794 Considering wildlife impacts in building the new energy economy

Wednesday, 26 January 2011
Justin Allegro, National Wildlife Federation, Washington, DC; and A. Staudt and R. Curry

Human-caused climate change has the potential to destabilize habitats and set back a century or more of wildlife conservation and other environmental achievements. The wildlife conservation community recognizes that a rapid transition from pollution-emitting fossil energy sources to clean renewable energy is essential for safeguarding habitats. At the same time, a careless rush to develop utility-scale renewable energy could result in avoidable, unmitigated, and irreversible impacts to wildlife. Additionally, uncertainty around the approach to habitat-friendly development could lead to unnecessary delays in the build-out of much-needed generation, as well as erosion of public support for renewable energy development. Our nation's energy history is rife with examples revealing the significant costs resulting from inadequate standards, including litigation, controversy and loss of public support – costs that are both unnecessary and avoidable at this time.

The possibility of additional encroachments on our nation's undeveloped land is especially worrisome because climate change itself will stress plant and animal species, putting a higher importance on large, connected natural lands that allow species to shift location in response to changing climatic conditions. Thus, it is critical to steer renewable energy development and associated transmission facilities to the most appropriate sites and minimize impacts of such development on wildlife. Important issues for consideration include: (1) development on public lands is needed for new wind and solar power facilities, yet stronger guidance is needed to improve the current governance of this development in order to better consider important wildlife habitat; and (2) an extensive new transmission network is necessary to connect new renewable energy generation to urban centers, which could cause significant habitat fragmentation.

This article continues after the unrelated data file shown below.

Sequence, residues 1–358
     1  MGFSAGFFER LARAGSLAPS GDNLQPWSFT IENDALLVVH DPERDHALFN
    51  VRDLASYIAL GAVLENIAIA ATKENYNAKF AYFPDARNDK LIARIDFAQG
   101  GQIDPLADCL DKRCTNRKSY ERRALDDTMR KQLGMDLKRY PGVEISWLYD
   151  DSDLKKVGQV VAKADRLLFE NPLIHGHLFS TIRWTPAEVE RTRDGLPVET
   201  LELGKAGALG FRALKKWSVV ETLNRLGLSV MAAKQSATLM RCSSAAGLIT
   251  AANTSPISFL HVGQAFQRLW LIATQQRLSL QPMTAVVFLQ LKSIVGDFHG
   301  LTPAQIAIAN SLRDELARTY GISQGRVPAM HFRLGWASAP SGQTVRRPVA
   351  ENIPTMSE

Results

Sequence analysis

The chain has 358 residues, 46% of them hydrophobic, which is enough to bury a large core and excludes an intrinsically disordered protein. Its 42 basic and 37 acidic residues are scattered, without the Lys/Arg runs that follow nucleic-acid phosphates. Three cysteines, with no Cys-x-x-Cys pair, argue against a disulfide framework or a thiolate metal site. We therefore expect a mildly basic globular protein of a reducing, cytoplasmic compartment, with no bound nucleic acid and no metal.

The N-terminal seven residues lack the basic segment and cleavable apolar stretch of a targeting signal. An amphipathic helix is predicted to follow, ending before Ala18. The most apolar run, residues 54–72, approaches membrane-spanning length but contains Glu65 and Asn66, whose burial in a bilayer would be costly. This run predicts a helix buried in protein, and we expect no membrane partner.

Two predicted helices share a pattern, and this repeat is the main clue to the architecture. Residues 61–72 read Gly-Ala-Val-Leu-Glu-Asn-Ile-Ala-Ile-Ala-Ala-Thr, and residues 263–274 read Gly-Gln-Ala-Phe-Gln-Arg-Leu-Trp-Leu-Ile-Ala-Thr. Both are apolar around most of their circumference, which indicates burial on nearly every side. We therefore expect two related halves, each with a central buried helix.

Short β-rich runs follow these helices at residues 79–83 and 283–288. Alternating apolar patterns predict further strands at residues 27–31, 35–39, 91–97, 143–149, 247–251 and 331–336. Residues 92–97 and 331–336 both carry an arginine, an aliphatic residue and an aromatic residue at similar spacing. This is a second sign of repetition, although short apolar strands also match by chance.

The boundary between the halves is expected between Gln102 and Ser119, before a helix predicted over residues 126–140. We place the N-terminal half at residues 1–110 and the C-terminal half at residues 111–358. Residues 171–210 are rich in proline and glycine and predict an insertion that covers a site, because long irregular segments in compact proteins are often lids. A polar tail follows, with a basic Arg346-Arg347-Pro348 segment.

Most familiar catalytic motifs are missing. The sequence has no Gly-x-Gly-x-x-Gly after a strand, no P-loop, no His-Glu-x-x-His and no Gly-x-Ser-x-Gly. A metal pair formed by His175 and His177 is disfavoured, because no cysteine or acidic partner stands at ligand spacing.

This paper will review the current thinking of the conservation community about how to ensure that renewable energy is developed in a thoughtful manner that considers a reasonable range of alternatives and avoids or minimizes impacts to wildlife habitats. Examples will be provided of how: wildlife may be negatively impacted by wind and solar energy development; various factors about current and future environmental conditions could be considered when identifying locations for siting new facilities; interim and long-term policies can ensure that the administrative siting process safeguards sensitive habitats while also facilitating development of renewable resources; and reinvesting some revenues across the landscape can help ensure the cumulative effects of large solar and wind projects in sensitive places do not compound existing degradation and fragmentation caused by climate change.

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